Companies will now have 5 billion people to test their good ideas-and bad ones
Open innovation, the practice of crowdsourcing business solutions and new ideas outside the four walls of a company, has revolutionized the way companies and governments innovate. Will this trend continue? Yes-and at massive scale. However, the way companies manage the potential of a billion more innovators could either spark breakthrough innovations or ignite mass confusion. Hear ideas about the evolution of problem solving as Quartz invites today's leading experts on crowdsourcing and open innovation for a rotating interview to unpack how connectivity and collaboration are disrupting traditional business practices.
Peter Bale, CNN International
Alph Bingham, Innocentive
Anand Shah, Sarvajal
S. Mitra Kalita, Quartz (Moderator)
Peter Bale is the incoming chief executive officer of The Center for Public Integrity, based in Washington. Bale is joining the center in February from CNN, where he headed digital operations outside the United States. A former Reuters correspondent and editor he was a founder of FTMarketWatch and was online editorial director of The Times and The Sunday Times. He spent four years at Microsoft running MSN editorial in the UK and then as global editorial director.
Alpheus Bingham, PhD., is the Founder and a Member of the Board of Directors of InnoCentive, Inc. He is a strong advocate of open innovation and founded InnoCentive, Inc., along with other ventures that create the advantages of open and networked organizational structures, including: YourEncore, Inc., Coalesix, Inc., Maaguzi, Inc., Indigo Biosystems, Seriosity, Chorus and Collaborative Drug Discovery, Inc. He currently serves on the Board of Directors of InnoCentive and Collaborative Drug Discovery, Inc., and the advisory boards of the Center for Collective Intelligence (MIT) and The Business Innovation Factory. Dr. Bingham has over 25 years of experience with Eli Lilly and Company in pharmaceutical research and development, research acquisitions and collaborations, portfolio management, and R&D strategic planning. In April 2011, Dr. Bingham co-authored with Dwayne Spradlin the groundbreaking book, “The Open Innovation Marketplace,” published by FT Press. Dr. Bingham received a B.S. in chemistry from Brigham Young University, and a Ph.D. in organic chemistry from Stanford University.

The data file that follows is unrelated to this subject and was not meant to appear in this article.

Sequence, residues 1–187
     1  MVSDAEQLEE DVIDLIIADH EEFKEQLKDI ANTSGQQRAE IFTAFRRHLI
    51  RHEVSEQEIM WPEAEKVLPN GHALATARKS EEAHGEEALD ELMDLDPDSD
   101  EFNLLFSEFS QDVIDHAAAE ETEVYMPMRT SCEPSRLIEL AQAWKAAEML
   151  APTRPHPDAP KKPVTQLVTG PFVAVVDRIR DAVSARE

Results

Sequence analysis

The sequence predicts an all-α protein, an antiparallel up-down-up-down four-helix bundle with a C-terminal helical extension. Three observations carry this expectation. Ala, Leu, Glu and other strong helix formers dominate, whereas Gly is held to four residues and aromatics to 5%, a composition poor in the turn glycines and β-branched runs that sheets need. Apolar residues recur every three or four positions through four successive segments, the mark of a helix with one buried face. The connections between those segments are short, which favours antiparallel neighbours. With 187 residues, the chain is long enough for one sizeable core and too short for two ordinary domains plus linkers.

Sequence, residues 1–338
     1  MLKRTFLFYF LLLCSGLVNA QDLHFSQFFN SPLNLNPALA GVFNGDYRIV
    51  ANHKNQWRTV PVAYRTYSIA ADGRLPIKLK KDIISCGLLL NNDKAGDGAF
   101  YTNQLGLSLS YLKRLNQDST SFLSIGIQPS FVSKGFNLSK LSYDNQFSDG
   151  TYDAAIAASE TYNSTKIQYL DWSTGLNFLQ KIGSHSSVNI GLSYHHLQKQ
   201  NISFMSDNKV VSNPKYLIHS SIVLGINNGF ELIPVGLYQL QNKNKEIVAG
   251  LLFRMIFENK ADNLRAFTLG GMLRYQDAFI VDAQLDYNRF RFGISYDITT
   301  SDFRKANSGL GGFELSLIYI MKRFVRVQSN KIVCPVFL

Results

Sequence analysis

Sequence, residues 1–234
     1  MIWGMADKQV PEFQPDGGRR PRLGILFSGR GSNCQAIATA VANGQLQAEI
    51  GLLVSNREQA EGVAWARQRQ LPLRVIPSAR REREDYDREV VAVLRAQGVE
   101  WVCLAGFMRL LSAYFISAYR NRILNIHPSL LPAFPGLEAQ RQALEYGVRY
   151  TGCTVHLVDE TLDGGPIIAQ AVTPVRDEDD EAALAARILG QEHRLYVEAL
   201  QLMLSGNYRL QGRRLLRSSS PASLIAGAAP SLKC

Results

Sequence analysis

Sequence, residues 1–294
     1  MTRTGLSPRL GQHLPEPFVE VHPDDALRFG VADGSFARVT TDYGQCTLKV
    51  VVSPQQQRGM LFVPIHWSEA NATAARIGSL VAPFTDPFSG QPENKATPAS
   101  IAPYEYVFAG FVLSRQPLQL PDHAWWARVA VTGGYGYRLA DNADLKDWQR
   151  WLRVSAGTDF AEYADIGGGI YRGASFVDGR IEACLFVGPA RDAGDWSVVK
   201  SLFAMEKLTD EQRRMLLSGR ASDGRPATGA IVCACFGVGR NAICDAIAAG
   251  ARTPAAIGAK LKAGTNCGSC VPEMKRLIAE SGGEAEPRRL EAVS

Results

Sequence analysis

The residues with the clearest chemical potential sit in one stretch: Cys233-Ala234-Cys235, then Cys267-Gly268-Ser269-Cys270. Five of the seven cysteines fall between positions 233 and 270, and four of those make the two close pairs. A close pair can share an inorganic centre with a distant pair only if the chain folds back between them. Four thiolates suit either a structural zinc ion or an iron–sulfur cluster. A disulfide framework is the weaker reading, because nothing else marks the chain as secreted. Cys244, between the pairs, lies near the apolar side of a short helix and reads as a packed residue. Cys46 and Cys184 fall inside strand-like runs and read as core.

S. Mitra Kalita
S. Mitra Kalita is the ideas editor at Quartz. She worked previously at The Wall Street Journal, where she oversaw coverage of the Great Recession, launched a local news section for New York City and, most recently, reported on the housing crisis. She also launched Mint, a business paper in New Delhi, and has previously worked for the Washington Post, Newsday and the Associated Press. She is the author of three books related to migration and globalization, and speaks seven languages (but only four of them well). She is an adjunct professor of journalism at St. John's and Columbia universities, and previously served as president of the South Asian Journalists Association. Born in Brooklyn, Mitra was raised in Long Island, Puerto Rico and New Jersey—with regular trips to her grandparents’ villages in Assam, India. She lives (and eats) in the Jackson Heights neighborhood of New York City, along with her artist husband and two daughters. She tweets @mitrakalita and her website is www.mitrakalita.com.
Anand Shah is CEO of Sarvajal and Piramal Foundation. Sarvajal aims to bring clean water to rural parts of India in order to stop the diseases spreading due to unsafe water. The private foundation of Piramal Foundation builds a platform for India's youth to participate in progress of the whole nation. He is also on the board of members for Indicorps, non-profit organization for Indians around the world to participate in India's progress.
Alph Bingham, Co-Founder of InnoCentive, explains how most of the time, the solutions his company has been able to crowd source, come from innovators working outside their specialized field. Additionally, these innovators are often people the company, such as Intel, would never initially think to hire.